Whistle, 19th century
Wood, metal, feathers
The Crosby Brown Collection of Musical Instruments, 1889 (89.4.2058)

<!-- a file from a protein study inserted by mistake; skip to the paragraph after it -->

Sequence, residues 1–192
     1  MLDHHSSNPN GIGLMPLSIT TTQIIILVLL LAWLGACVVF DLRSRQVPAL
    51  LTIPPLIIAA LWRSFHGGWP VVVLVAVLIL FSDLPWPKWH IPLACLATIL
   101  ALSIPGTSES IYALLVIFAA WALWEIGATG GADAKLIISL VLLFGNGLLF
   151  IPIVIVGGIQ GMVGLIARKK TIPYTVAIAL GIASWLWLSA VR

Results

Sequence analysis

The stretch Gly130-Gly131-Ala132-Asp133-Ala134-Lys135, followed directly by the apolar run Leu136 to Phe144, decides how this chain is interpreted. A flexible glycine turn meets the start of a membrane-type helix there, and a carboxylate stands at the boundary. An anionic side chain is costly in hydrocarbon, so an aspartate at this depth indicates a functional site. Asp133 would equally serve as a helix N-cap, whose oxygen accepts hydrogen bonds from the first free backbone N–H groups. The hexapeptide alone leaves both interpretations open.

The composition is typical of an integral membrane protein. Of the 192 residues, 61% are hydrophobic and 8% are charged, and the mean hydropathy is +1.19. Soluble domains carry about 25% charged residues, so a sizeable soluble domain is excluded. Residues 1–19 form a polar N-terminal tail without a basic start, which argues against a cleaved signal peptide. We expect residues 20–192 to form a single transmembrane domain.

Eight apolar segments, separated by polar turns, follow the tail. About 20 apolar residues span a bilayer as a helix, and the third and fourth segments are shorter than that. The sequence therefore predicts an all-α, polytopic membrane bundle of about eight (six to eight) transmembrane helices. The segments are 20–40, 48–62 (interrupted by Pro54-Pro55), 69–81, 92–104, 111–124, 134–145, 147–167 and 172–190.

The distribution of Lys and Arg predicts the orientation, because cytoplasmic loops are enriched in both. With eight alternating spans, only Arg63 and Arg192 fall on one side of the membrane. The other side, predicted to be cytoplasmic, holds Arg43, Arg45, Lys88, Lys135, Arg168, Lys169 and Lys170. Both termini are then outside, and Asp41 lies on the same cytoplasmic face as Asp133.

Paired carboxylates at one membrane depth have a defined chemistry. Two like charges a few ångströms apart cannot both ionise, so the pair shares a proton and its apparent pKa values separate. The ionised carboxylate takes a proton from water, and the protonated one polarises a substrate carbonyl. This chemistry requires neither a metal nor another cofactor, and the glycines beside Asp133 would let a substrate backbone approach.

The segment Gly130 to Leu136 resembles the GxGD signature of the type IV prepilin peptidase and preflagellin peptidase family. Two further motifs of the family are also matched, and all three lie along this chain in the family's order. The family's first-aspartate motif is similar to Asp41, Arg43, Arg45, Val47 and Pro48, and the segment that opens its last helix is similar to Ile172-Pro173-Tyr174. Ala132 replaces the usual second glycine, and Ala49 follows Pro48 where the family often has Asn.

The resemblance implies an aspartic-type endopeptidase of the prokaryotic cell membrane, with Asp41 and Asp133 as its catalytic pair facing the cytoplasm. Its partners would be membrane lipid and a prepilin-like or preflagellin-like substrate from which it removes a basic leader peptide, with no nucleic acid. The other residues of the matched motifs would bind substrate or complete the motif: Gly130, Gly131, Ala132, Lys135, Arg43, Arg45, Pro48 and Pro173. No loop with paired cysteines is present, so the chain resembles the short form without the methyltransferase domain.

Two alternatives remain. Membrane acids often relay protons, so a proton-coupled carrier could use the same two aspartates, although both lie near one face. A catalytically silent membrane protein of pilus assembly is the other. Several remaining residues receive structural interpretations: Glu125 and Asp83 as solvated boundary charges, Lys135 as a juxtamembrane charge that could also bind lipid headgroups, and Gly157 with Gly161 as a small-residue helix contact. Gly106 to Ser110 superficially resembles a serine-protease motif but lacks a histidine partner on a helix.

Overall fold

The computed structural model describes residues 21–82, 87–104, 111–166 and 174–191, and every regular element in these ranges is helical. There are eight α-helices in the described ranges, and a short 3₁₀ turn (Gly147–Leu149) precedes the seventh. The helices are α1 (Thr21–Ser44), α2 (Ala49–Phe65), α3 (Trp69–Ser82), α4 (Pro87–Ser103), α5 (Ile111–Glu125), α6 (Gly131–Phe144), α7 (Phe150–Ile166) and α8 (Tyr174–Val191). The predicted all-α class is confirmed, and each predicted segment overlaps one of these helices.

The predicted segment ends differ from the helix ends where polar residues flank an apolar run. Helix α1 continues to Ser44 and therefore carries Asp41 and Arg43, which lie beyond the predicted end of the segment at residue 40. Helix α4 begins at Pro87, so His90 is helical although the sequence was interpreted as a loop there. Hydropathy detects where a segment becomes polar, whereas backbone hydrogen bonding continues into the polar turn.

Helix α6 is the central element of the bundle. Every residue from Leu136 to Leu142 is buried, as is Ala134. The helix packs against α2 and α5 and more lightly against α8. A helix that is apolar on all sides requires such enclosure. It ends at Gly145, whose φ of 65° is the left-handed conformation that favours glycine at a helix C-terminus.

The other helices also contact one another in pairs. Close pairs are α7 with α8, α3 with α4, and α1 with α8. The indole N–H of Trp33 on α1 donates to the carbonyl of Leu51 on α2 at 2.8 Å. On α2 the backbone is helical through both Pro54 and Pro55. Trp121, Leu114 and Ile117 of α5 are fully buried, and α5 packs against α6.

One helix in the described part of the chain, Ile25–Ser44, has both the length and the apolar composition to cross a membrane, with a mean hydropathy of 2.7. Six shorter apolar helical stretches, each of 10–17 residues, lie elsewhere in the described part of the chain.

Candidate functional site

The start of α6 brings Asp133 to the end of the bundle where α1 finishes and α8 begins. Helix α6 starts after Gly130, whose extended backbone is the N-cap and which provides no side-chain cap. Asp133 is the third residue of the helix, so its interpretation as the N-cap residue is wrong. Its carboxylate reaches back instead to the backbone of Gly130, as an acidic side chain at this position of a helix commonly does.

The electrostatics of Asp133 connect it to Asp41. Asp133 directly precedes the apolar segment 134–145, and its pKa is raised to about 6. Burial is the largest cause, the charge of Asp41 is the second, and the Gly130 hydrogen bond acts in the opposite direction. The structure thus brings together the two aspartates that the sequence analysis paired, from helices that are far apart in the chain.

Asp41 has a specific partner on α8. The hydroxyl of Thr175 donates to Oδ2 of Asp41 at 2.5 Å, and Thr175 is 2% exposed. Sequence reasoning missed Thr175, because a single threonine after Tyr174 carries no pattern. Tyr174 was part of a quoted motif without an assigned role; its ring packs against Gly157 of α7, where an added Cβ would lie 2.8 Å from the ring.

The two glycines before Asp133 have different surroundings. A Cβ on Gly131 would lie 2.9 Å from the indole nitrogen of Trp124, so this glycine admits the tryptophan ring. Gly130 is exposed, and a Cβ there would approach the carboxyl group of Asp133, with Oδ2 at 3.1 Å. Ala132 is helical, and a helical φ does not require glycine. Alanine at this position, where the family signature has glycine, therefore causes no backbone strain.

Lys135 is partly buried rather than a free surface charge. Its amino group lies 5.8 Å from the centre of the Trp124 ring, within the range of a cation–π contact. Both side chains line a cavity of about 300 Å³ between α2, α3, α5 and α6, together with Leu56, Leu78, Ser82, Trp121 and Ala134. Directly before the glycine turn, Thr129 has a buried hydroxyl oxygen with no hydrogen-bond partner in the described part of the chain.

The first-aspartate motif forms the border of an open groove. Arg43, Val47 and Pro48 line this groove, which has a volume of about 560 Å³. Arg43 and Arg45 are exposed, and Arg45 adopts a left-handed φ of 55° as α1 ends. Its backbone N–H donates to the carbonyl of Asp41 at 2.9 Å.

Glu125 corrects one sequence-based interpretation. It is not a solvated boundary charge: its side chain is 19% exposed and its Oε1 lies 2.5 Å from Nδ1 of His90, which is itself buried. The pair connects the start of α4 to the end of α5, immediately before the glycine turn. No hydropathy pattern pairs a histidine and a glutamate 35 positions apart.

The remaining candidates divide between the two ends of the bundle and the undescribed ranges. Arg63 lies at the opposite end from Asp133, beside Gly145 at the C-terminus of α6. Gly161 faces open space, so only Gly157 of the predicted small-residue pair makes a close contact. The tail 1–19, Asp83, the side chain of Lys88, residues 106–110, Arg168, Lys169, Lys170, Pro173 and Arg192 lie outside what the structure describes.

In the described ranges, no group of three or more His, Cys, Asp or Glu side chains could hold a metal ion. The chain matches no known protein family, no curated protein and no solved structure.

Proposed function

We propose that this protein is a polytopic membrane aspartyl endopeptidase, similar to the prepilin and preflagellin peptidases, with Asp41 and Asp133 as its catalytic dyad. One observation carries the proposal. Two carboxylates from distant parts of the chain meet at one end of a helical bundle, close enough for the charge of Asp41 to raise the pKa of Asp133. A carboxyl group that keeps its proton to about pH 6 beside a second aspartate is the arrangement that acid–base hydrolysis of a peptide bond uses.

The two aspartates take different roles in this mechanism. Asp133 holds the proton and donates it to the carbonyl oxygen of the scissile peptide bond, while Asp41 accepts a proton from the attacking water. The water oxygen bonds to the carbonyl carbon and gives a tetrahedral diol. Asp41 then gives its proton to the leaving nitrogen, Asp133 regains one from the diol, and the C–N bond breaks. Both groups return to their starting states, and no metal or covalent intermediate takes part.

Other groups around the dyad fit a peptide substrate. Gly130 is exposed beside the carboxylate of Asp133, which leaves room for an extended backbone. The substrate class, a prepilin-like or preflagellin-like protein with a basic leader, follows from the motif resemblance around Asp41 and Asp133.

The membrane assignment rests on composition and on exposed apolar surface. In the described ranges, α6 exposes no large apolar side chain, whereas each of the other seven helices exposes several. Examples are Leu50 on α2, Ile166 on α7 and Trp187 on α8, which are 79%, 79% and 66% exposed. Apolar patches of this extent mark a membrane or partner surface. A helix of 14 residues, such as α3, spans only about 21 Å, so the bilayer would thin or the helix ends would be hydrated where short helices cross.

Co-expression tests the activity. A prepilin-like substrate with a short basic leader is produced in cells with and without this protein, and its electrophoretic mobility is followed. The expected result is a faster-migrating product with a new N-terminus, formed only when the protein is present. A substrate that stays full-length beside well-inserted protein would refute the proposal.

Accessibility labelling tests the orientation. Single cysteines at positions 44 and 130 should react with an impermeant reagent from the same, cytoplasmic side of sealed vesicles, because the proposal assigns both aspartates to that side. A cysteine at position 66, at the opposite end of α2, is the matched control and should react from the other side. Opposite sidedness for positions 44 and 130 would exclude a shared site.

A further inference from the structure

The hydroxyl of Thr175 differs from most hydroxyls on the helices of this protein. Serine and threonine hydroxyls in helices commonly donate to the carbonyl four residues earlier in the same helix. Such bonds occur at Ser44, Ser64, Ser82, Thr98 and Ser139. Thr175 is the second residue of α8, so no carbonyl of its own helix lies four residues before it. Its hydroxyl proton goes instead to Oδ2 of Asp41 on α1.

With a carved wooden effigy to represent a stylized crane's beak, this whistle has no fingerholes, which limits the range of pitches to those produced by the player varying the air pressure. The sole opening in the shaft of the whistle is the duct window. This whistle was carved and hollowed from a single piece of wood and wrapped in red-dyed strips of reeds. Two braided lengths of sweetgrass are lashed to the underside of the whistle, as sweetgrass is considered sacred and used as a means of purification in many tribes. A collar of red-dyed, quilled spokes surrounds the stylized crane's beak. Small rolled-metal cones are attached to the collar and used to secure dyed down feathers. Two elongated tethers with feather adornment are attached at the collar's base.